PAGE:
The official blog of University of Missouri Skeptics, Atheists, Secular Humanists, & Agnostics
From a young age we learn from the language and guidance of our family, friends, and society to determine who and what we are. Every time we meet someone we are questioned, labeled and categorized using a series of questions and observation of behaviors. Some questions are easy for us to answer while other questions are much more difficult. The challenges of identifying who and what we are are most apparent during childhood once we’ve begun mastering social concepts.
“What’s your name?”
This one is easy, our parent’s tell us this every day.
“How old are you?”
Oh, when was I born? Hold on, let me count.
“Are you a boy or girl?”
…hmm… How do I know?
At a tender young age, I clearly recollect asking my parents how I know who is a boy and who is a girl. They kindly informed me that boys have a penis and girls have a vagina and, as time passed and I grew older, it seemed all I would ever receive was an extremely elementary understanding of gender. In high school health class, biology and sexual education I was not informed of the possible genders outside of boy or girl, man or woman, each in correspondence to a sex.
This gender duality strictly paired with a matched sex seemed to make sense, but something always tugged at the back of my mind. I have always had a strong aversion to the rigid description of what maleness is because I disagree strongly with so much of it. To add to that, my peers were quick to inform me when I was behaving in a feminine manner because, “that’s not what boys do.” The constant reinforcement of the broadly defined and stringently defended idea of masculinity was, and is, a nightmare. I never signed up to play “masculinity police and feminine robbers.”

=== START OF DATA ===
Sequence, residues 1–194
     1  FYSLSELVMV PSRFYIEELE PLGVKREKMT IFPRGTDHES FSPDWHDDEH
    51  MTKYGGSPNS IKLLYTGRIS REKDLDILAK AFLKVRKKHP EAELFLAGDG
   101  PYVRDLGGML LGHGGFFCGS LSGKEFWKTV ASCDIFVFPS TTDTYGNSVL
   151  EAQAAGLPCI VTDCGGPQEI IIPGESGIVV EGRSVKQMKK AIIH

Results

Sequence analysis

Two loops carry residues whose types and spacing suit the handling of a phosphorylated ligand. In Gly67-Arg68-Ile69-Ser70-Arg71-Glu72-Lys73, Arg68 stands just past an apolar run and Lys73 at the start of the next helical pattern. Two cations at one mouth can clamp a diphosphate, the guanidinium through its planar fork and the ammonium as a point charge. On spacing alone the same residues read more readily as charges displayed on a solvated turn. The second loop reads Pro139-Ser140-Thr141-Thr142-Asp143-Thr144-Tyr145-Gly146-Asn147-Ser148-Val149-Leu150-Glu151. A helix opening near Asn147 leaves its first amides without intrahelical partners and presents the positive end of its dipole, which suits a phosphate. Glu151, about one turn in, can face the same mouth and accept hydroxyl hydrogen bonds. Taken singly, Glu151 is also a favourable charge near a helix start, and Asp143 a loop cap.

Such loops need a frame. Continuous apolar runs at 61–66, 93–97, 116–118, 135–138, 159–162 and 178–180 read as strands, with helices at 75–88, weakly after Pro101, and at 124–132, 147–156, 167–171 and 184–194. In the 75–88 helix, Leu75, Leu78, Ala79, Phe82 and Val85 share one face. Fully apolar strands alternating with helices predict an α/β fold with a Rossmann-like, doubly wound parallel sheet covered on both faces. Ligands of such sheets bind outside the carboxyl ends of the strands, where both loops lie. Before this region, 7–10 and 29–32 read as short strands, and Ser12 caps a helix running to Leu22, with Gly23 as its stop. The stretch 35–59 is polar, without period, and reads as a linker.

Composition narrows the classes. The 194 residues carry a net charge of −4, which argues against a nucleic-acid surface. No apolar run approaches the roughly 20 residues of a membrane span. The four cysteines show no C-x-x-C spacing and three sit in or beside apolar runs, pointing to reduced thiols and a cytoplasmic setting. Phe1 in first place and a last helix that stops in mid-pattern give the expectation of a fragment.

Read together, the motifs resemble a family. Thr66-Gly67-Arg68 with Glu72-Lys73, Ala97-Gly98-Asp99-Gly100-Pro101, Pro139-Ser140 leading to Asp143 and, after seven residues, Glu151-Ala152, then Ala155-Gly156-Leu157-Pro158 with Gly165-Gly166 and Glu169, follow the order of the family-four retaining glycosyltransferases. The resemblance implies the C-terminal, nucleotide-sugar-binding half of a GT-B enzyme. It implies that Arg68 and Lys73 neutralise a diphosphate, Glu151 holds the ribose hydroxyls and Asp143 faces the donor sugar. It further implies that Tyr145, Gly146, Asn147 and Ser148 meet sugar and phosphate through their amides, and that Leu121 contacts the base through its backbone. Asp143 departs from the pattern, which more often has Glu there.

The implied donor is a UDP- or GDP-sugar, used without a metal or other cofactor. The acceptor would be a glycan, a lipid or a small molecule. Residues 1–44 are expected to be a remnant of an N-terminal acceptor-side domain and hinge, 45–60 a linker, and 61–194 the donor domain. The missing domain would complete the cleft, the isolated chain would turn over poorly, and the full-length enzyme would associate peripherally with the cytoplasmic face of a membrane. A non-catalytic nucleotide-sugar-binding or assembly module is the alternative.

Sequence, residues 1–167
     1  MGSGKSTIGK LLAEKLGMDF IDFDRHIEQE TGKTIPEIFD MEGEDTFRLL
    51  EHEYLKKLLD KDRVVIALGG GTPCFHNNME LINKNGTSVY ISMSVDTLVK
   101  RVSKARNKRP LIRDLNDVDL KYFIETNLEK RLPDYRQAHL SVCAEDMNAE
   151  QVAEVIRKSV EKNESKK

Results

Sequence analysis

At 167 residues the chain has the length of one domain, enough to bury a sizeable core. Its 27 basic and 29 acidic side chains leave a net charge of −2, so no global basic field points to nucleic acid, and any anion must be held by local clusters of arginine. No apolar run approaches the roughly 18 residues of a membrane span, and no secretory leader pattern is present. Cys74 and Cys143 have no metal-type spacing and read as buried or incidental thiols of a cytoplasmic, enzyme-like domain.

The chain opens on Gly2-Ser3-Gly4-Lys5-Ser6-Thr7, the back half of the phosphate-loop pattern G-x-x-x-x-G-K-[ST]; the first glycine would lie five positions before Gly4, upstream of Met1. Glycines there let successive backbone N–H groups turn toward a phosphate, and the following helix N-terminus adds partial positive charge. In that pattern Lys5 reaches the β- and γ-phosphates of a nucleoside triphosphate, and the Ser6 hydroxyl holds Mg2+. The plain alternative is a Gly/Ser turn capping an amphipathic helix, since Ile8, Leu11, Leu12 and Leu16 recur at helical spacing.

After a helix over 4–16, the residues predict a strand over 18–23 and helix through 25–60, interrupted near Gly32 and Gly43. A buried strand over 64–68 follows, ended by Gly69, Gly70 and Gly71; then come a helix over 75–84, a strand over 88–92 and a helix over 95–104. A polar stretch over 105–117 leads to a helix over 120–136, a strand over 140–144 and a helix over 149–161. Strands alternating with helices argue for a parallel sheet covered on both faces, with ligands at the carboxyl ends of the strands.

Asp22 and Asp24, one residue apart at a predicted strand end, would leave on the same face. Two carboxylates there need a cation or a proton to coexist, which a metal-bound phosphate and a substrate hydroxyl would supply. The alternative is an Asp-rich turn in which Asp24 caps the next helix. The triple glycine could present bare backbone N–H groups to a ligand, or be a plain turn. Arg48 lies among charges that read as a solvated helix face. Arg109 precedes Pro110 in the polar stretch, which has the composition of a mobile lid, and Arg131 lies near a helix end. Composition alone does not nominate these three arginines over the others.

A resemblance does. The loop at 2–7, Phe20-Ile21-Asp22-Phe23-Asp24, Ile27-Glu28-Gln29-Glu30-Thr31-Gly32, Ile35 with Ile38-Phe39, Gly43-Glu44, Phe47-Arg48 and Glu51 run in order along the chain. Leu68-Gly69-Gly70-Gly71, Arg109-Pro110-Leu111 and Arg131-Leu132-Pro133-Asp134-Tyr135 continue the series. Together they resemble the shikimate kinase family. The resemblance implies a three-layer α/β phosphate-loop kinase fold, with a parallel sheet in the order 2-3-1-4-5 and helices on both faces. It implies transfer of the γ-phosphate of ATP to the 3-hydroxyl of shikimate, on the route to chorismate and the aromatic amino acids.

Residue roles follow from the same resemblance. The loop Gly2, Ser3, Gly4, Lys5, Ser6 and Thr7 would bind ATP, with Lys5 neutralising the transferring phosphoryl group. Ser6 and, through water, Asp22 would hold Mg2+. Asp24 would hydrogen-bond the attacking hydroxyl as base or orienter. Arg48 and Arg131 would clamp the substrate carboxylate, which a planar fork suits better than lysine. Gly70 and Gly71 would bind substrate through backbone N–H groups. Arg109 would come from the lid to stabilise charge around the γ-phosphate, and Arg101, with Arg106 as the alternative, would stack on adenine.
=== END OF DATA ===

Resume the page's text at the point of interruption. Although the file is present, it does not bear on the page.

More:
(If I have, please take me off that list.)
It wasn’t until college that I was introduced to different theories of sex and gender. Sex in a sociological perspective is defined as the biological and physiological differences between men and women, which are contrasted in terms of reproductive function. Gender refers to society’s expectations about how we should think and act as girls and boys, and women and men. It is our biological, social, and legal status as women and men. I was quite surprised when I learned of this after having been taught that gender really wasn’t a choice for most of my life.
But even this didn’t seem to satisfy my personal objections. It appeared to me that regardless of the definition of gender, society forcibly labels people as only one of two genders. Why not neither, between or none at all? I’ve yet to hear an adequate answer to this question. I believe that the general methods of identifying and naming acceptable genders in the United States has remained stagnant for extremely poor reasons like tradition, religious practices and deeply ingrained, irrational fears of changing of the status quo. For these reasons, I thought to search into other cultures that tend toward accepting more diverse lifestyles.
To my surprise, I found that many past and present cultures across the world had and have formally recognized third genders. In fact, today, Australia’s government announced that under new national guidelines, individuals will be given the option of selecting male, female, or “X” (indeterminate/intersex/unspecified) for personal government records.
This is not an uncommon practice throughout the rest of the world either. Many countries like India, Nepal, Pakistan and Thailand, recognize several different kinds of genders including Hijras, Kathoeys and Other. Historically, indigenous cultures of North America also recognized third genders. The Wintke, Blackfoot and Zapotec Muxe all had formally recognized third genders as well. I’ll be speaking more in depth about what kinds of genders these are and how they are understood within each culture in part two of this series.
After considering the diverse types of gender within the world, part three will discuss how our country’s discourse of gender could be modified by considering the impact on the lives of gender non-conforming peoples in our country.
I’ll shed light on the challenges of gender non-conformity by observing how this undefined group is affected by not being formally recognized as how they identify. These people have a voice and meaningful lives that must be valued and understood on their terms, given legislation to protect them as well as providing societal terms in which to understand and accept them.